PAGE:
Alice (Mia Wasikowska) is an intelligent and beautiful young English woman, sometime in the Victorian Era, who is being taken for a horse and carriage ride by her overbearing mother to an engagement party in the country — her own. It seems one of the local lords wishes to ask for her hand in marriage, at his baronial estate, in the company of his family and his friends in the nobility. But none of this impresses Alice, who, we learn quickly, thinks for herself. (“Why should I wear a corset because everyone else does? If everyone else wore a fish on their head, would I be expected to do that, also?”) But her distraught Mother sees this pre-arranged betrothal as an opportunity for her daughter’s social advancement (not to mention her own). Alas, the nobility may indeed be manor-born, but that doesn’t make them appealing. Alice finds herself shuddering at the prospect at being married to this smarmy, pompous, sniveling, unimaginative aristocrat. She senses a stifling of her creativity in her future, and a betrayal of her own blithe spirit. She literally runs away, and falls down the rabbit hole into a Wonderland that she should have remembered, when she visited as a small girl, but doesn’t. And everyone there has to decide if she’s the right Alice, while she plays along with the strange characters and their portentous drama, assuring herself that it’s all a dream.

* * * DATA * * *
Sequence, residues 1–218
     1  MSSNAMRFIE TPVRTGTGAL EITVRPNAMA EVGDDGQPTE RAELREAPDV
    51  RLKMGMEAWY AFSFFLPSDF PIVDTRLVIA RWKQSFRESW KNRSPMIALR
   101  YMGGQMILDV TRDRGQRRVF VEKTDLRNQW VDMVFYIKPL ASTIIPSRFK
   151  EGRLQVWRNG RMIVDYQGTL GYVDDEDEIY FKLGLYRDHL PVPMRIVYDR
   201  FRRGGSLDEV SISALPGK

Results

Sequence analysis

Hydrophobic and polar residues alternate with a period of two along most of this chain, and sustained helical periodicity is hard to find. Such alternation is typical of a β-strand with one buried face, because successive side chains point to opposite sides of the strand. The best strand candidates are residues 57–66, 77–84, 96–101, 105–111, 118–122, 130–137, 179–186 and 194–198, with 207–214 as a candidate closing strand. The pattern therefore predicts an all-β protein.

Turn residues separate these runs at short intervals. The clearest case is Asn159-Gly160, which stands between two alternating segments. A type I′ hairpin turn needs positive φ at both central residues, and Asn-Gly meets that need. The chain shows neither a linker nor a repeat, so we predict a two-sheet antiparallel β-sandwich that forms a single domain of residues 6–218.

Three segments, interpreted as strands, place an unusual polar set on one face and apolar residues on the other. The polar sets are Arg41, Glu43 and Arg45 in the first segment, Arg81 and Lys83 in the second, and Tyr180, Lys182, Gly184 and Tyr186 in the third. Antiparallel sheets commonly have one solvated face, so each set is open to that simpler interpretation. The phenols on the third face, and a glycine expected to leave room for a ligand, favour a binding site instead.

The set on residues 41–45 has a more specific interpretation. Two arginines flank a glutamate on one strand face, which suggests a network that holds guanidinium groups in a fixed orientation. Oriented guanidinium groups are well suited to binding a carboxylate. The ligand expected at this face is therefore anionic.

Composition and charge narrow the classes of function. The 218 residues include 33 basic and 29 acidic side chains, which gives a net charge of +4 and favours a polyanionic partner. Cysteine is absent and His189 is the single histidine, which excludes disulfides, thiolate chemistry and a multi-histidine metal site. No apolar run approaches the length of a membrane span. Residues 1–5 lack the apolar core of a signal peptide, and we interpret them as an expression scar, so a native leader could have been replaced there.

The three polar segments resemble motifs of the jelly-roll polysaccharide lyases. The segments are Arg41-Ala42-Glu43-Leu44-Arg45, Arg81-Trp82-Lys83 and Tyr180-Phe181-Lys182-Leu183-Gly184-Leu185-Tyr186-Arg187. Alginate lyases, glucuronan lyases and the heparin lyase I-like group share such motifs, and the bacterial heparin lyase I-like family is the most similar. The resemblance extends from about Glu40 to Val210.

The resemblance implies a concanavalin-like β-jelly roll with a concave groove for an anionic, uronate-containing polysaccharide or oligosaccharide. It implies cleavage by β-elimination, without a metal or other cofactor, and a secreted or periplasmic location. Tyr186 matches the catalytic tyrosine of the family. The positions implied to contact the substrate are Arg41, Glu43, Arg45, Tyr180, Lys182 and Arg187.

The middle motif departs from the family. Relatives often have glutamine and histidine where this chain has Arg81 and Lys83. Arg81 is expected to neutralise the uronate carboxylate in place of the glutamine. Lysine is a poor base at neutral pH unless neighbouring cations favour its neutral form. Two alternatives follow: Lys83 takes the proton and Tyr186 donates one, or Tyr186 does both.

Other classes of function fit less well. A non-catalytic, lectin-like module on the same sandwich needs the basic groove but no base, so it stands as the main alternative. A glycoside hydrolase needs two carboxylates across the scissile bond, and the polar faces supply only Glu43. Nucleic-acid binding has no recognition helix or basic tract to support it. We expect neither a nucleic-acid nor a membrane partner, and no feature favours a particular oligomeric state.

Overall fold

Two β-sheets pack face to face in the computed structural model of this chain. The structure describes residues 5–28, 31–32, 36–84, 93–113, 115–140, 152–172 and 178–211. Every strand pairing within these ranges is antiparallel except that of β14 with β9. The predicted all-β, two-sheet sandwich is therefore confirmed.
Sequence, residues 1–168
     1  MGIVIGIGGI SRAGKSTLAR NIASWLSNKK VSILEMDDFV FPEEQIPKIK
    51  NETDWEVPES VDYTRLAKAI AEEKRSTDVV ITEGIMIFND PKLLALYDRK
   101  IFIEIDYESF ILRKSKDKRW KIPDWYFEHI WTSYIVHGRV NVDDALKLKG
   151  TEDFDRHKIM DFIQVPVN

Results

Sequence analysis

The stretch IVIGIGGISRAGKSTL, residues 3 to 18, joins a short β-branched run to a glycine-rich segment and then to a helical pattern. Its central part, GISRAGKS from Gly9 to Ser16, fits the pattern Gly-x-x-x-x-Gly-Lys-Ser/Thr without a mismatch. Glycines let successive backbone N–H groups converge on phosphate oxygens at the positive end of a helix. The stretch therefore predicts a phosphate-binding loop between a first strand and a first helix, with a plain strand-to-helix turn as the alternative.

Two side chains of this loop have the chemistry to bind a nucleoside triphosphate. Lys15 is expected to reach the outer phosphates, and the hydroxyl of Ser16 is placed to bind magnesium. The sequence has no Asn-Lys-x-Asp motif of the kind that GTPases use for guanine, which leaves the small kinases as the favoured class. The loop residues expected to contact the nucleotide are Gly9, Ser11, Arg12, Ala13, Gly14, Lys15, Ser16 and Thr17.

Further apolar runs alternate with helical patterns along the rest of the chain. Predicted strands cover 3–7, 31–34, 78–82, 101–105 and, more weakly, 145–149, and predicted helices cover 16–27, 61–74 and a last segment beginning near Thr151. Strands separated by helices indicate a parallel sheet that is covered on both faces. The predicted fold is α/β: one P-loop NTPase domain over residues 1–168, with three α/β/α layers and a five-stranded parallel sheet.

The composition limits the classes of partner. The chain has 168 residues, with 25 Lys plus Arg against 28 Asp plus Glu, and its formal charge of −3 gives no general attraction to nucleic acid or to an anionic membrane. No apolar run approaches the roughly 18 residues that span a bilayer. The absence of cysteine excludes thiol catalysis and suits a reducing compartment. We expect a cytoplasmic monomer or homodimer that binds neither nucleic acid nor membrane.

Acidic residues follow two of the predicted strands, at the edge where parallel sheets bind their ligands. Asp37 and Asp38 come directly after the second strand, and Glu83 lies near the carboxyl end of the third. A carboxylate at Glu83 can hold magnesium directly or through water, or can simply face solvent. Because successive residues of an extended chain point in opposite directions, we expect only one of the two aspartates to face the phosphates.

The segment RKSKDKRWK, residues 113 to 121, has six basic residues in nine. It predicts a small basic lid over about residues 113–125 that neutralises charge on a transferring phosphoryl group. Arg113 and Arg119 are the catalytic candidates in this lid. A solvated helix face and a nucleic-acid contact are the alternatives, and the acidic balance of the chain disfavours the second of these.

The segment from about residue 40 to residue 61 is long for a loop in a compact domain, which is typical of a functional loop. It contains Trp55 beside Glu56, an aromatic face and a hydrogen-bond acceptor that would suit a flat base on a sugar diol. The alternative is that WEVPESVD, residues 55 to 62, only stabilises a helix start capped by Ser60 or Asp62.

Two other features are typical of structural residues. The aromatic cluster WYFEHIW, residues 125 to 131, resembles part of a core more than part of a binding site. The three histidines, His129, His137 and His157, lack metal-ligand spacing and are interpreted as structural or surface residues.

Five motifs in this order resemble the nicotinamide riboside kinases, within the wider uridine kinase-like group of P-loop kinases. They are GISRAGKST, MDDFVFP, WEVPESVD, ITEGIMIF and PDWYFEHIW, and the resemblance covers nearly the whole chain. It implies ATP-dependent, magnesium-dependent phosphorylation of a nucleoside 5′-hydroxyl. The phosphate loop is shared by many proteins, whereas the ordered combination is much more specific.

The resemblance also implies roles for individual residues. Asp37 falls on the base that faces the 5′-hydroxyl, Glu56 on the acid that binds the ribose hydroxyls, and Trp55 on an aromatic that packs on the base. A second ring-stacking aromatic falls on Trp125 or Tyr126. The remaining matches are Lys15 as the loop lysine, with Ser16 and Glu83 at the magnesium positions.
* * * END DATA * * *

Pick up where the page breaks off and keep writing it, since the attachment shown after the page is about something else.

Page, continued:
Johnny Depp plays a great Mad Hatter, as we would expect. Helena Bonham Carter and Anne Hathaway add much as the Red Queen and the White Queen. Throw in the voices of Alan Rickman (The Blue Caterpillar), Stephen Fry (The Cheshire Cat), and Michael Sheen (The White Rabbit), and you have a subterranean, subconscious odyssey well worth the ride. Of course it’s fanciful. But there’s a point to it all. In the course of her adventures, Alice makes a resolution about her above-ground life, including the unwanted marriage proposal. She remembers something about herself now — that she shares her late father’s sense of adventure, and isn’t afraid of trying and failing. What she would dread more is not “thinking outside the box” at all.
“Alice In Wonderland” is a great little ride outside the box. Enjoy it for what it is, don’t try to read too much into it (like potential political symbolism of the characters, both in Victorian England and today?), and don’t think too much about the original impetus of the author (Lewis Carroll was a pseudonym for a math professor at an obscure little college who took an unhealthy interest in the president’s little daughter, and wrote the two “Alice” books as an ode to her maiden loveliness?). Instead, just put on the 3-D glasses, sit back, and marvel at how the screen can bring imagination to life, appearing right before your wondering eyes.
RONALD P. SALFEN is pastor of Grace Church, Greenville, Texas.